29. Jayashree says:

    Every Blogger goes through a Slump phase and it is that period we have to stay focused and regroup or blog strategy to analyze where it is failing and work on those areas. To do all of this we need to be passionate in what we are doing if we are just focusing on money making then we will loose interest easily and might hit the END button, but if we are passionate about what we are doing we will figure out ways to turn it around

  30. Salixisme says:

    I have taken a few breaks occasionally (usually when I am having a fibromyalgia flare and am simply too exhausted and feeling too ill to write).
    The way I deal with this is to have plenty of posts pre-written and saved as drafts, so even if I am feeling awful, it is simple for me to get a post up each day. I just need to review the post to make sure it is relevant and click on post…
    I make a policy of writing 2 posts for every one I actually post when I have plenty of energy.
    Another way to deal with a case of the blah’s is to use guest bloggers who write about similar subjects to you – they can fill in gaps in your posting schedule

    • Stacey Roberts says:

      Excellent advice! I spoke a lot about those tips in the post I wrote about how to take a break without losing momentum. It feels good to have a little body of work to draw on when you can’t get to posting something new.

  31. Hi Stacey, thanks a lot with this inspiring article. I’m really a new rambler on the blogosphere. Actually, I was convinced by my husband to make a blog for something that I’m passionate about, and now by reading this, I’m more encouraged to do better. Maybe someday I will come to my ‘blog slump’ also, just like you said. I’ll remember this article to cope with. Thanks for your awesome article, Stacey.. :)

  32. Sheeroh says:

    Hi Stacey, Well, I’m still relatively newish in the blogging world so I’m very much fired up! But I do worry about things like running out of things to write about later. Well, good thing this article is here!

  33. Thad James says:

    Writer’s block is part of the writing process. The horrible, frustrating part. Thanks for the great tips on breaking the cycle. I’ll refer back to this when the ideas aren’t flowing.

  34. Great advice, exactly what I needed to read today! Thank you…

  35. Avyon says:

    I’m very new to blogging and have not been able to blog as easily as I had hoped! I’ve restarted my blog three times now and I’m hoping that “the third times a charm!” I loved all of your tips and this post has definitely helped me get my mojo back! Thank you :)

  36. Sometimes the pressure of having to post something amazing every day can get too much. Give yourself the permission to take some time off. No-one will be banging down your door because you haven’t updated in a few days :)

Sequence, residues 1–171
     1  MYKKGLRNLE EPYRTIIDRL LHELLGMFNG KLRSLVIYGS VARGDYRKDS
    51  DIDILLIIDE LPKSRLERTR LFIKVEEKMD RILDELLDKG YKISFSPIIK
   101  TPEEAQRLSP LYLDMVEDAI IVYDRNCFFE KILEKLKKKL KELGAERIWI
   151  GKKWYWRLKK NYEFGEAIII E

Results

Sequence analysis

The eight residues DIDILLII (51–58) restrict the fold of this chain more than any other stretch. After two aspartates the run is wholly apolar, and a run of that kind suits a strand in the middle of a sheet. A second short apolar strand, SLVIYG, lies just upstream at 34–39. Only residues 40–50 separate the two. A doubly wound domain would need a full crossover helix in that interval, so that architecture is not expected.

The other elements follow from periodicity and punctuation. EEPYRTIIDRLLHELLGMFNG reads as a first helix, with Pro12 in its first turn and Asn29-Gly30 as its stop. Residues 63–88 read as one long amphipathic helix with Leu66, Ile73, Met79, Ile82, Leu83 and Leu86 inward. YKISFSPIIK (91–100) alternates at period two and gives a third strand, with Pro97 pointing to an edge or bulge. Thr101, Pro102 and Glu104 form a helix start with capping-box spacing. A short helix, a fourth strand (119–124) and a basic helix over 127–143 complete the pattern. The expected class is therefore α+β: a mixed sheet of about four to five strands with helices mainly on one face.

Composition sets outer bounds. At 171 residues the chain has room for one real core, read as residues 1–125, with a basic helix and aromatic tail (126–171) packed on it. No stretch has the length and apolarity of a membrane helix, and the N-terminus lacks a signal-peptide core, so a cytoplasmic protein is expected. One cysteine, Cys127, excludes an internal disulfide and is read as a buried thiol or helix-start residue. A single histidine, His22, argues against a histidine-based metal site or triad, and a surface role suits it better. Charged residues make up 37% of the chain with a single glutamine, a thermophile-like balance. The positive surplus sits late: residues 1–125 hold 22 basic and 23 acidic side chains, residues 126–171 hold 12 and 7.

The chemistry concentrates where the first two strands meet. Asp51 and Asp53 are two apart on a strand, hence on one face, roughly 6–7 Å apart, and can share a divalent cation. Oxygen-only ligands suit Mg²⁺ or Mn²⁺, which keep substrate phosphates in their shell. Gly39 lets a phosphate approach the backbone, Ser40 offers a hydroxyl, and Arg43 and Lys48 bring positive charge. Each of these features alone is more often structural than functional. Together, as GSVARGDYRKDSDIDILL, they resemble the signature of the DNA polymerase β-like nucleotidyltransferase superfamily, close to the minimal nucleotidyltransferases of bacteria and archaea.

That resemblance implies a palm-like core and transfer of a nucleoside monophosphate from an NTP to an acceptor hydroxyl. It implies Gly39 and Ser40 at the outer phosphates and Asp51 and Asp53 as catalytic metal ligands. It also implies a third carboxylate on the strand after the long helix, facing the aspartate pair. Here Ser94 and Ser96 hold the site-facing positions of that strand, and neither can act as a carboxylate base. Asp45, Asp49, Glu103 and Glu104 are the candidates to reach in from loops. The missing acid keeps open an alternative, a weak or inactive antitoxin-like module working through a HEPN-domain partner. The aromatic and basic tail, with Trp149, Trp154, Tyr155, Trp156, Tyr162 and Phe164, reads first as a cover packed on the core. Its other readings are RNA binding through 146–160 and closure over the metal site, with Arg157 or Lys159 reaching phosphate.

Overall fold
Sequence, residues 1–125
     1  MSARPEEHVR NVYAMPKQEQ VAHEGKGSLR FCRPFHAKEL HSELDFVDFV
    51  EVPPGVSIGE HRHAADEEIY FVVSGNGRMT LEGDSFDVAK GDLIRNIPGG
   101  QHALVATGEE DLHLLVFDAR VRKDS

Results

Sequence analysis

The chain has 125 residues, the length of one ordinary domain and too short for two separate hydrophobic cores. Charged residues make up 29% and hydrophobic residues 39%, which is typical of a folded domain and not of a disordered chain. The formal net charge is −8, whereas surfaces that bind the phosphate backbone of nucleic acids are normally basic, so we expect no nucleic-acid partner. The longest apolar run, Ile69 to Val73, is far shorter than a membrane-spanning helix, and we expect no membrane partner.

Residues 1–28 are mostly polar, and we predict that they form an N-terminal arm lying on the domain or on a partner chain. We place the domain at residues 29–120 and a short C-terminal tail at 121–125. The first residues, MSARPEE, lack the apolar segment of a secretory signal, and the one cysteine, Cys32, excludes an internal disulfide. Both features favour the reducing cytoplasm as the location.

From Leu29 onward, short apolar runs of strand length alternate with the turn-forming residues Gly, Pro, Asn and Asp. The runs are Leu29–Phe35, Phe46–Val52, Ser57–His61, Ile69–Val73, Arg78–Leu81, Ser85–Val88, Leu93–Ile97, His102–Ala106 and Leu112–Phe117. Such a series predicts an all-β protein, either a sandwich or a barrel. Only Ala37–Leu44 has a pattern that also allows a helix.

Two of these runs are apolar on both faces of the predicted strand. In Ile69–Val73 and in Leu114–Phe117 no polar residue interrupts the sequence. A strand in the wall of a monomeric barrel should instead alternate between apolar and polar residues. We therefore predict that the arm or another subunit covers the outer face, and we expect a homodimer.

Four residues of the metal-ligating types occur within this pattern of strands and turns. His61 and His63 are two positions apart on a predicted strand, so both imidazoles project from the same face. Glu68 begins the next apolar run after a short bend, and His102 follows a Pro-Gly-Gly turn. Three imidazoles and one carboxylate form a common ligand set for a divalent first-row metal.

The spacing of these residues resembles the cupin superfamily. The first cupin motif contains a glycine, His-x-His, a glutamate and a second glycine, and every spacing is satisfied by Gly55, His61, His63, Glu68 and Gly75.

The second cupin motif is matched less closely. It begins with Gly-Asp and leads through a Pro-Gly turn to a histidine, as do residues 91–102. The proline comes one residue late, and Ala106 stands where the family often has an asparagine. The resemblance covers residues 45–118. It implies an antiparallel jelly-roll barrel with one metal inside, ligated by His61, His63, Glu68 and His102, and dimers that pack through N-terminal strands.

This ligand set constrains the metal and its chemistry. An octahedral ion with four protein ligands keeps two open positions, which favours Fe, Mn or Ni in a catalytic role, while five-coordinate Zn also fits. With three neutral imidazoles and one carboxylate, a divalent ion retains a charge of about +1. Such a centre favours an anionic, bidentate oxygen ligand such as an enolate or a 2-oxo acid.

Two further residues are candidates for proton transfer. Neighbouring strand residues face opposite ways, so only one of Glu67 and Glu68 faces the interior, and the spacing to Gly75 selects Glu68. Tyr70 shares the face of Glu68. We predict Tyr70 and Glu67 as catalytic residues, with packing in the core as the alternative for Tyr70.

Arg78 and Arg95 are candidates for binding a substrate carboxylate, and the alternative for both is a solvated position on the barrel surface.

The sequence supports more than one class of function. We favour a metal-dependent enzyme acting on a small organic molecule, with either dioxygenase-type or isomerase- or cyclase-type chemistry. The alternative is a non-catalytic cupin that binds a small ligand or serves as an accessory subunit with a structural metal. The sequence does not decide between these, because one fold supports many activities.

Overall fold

Take a break once in a while. In fact, it’s healthy!

  37. Rajkumar says:

    Ya i am a blogger from last two years, in these years i have suffered many times with my blogs. But i did not loss the confidence till now..

  38. Michelle says:

    Yes you are so right,many times it happened with me in my blogging carrier.What I did is just took some break to get inspired and returned again with full energy,that’s it.

  39. Sabina says:

    Great insight on writer’s block and loss of motivation, Stacey! I can easily see why many bloggers can identify themselves with some of the situations described in the article. I’m one of them, as I sometimes lose my motivation with my personal blog. Useful tips for overcoming those states of mind when you feel like you reached a dead end.

    • Stacey Roberts says:

      It’s funny isn’t it, how it can feel like a dead end, but it rarely ever is? My mojo always comes back somewhere.

  40. It is all part and parcel of the process. We all do feel low at one point or the other during our blogging journey. Some quite, while some others hang on and go on to prove that the decision to hang on was right.

    I also faced a similar situation in the past. That was when I landed my day job. Time was too less to manage network of blogs. So, I was like- ‘I’ll sell the blogs’. But thankfully, I didn’t sell up. I didn’t forced me either, to write blog posts and all.

    One fine day, I woke up and managed to muster up some inspiration. This managed to get things start going and thankfully, with some good use of time management, I’m still maintaining my blogs. Not updating them the way I wanted to, but still, they are alive!

    The main point, listed in the article are things like not forcing it and reading. Reading is a great activity. It sure can inspire one!

    I found the link to this article on Kingged.

    Arun

    • Stacey Roberts says:

      I agree, it’s pretty much standard for blogging to be over it a bit sometimes. Just like it is with anything, really. Too much of a good thing! So pleased to hear you didn’t sell your blogs. And reading is the best.

  41. Jo says: